To observe the differences in motor unit recruitment in healthy individuals versus those in stroke survivors, Mottram, et al. (2014) studied if the motor unit firing rates were impaired, when firing rates become constant even with an increasing force, during a voluntary contraction of the elbow flexor muscles in stroke survivors while increasing the motorneuron pool. Their subjected consisted of those who survived strokes and the control, healthy individuals and they performed two tests, one for the spastic-paretic lib and one for the contralateral limb. This study, Mottram, et al. (2014), found several differences in the motor unit recruitment between their healthy subjects and the stroke survivors. First, the threshold recruitment in spastic-paretic was lower than those in the healthy control when they performed the initial firing rates for both lower and higher threshold motor units. Secondly, they found that peak firing rates were lowering in the spastic-paretic for the lower threshold units.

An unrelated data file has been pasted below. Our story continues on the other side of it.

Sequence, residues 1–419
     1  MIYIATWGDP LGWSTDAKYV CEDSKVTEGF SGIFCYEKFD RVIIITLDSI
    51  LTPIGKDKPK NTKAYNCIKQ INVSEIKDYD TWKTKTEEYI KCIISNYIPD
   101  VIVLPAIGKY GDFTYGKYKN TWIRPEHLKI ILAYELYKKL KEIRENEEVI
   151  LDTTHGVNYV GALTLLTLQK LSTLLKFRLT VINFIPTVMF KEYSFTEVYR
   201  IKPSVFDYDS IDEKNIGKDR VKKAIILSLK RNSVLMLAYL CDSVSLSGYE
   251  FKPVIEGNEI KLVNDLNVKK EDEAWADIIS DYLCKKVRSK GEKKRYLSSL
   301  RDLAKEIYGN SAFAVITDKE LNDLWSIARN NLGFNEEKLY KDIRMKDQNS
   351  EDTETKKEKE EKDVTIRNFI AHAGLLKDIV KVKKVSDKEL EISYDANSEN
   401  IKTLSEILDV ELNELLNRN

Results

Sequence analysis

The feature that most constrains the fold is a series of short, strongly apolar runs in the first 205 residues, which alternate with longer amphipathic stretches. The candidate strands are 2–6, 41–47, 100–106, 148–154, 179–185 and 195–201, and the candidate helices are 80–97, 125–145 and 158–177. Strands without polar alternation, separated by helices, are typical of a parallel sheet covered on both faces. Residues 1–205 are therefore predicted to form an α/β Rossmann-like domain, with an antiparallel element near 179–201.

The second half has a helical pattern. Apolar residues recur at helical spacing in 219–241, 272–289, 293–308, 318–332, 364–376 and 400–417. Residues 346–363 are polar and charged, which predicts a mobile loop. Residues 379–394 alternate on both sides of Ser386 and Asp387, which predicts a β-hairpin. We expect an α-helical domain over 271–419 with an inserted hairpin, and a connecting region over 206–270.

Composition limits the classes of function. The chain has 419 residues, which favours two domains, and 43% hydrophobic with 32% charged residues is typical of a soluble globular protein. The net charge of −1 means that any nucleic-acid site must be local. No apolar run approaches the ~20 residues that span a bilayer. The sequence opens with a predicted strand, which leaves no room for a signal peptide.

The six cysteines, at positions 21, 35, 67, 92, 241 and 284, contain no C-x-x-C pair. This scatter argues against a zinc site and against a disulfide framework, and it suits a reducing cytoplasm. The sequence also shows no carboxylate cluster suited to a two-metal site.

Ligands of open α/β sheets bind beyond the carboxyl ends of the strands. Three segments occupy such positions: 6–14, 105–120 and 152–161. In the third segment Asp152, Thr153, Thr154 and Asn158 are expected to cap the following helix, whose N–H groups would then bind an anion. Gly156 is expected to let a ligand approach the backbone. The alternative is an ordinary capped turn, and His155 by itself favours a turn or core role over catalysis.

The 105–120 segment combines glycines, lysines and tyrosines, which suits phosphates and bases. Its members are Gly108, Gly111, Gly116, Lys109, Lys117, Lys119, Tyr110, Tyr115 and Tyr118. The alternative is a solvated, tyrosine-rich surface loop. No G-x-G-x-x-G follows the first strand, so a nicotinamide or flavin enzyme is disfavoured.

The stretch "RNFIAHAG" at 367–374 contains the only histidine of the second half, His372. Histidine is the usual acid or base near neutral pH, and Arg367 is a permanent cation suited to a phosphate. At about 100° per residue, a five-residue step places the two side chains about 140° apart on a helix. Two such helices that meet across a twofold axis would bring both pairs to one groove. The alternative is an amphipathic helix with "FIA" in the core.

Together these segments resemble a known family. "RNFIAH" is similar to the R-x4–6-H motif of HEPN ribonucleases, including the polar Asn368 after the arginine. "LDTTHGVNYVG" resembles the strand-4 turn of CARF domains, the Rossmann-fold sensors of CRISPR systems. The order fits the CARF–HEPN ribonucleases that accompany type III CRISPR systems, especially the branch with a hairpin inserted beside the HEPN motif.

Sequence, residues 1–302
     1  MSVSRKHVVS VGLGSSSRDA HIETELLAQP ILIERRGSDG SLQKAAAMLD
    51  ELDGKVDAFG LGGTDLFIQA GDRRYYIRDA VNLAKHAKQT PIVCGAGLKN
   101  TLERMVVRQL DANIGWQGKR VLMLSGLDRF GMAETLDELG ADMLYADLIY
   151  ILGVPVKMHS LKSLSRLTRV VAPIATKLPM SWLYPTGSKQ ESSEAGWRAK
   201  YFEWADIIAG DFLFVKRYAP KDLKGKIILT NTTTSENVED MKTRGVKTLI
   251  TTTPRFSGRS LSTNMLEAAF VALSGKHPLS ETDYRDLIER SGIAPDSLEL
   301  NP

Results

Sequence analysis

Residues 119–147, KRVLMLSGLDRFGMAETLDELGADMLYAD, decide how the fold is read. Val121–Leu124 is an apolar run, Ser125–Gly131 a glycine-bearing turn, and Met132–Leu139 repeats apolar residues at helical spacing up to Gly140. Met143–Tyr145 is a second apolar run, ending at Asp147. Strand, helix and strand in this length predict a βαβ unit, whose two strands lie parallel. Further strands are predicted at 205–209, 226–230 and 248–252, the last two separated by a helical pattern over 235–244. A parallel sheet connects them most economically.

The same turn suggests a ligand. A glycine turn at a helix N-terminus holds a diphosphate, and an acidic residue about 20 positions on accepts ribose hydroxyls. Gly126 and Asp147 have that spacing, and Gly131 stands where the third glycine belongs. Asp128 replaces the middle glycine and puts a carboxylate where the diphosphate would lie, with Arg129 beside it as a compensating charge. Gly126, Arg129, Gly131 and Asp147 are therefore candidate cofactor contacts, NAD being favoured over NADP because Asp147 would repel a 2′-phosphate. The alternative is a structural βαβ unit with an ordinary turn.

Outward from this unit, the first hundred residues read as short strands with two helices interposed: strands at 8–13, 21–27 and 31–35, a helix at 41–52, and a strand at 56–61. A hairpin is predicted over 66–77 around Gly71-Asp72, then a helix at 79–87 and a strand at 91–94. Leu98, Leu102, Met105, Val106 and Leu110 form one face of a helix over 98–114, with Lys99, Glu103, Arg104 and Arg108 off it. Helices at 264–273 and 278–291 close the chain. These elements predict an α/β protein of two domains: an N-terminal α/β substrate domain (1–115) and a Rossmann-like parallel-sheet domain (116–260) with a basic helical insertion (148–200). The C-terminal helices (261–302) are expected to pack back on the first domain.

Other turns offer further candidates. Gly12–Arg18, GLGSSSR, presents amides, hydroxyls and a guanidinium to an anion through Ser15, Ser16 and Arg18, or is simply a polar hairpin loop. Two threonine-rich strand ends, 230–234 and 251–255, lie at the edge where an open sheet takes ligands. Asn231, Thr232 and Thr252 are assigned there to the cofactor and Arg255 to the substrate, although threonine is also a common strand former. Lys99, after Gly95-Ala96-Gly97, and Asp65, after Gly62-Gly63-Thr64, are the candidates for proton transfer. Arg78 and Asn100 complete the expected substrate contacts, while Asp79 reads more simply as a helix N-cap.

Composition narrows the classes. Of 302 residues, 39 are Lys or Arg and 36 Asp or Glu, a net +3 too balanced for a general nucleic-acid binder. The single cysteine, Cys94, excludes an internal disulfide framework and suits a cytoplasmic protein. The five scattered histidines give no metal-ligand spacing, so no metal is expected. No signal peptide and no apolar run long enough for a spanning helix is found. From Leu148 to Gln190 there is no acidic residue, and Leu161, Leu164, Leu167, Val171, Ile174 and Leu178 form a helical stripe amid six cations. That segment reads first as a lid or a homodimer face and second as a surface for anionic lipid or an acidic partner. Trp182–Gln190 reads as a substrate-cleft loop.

Third, the spastic-paretic showed a longer duration of the impaired modulation in the firing rate for a lower and higher threshold motor unit in comparison to the contralateral muscle.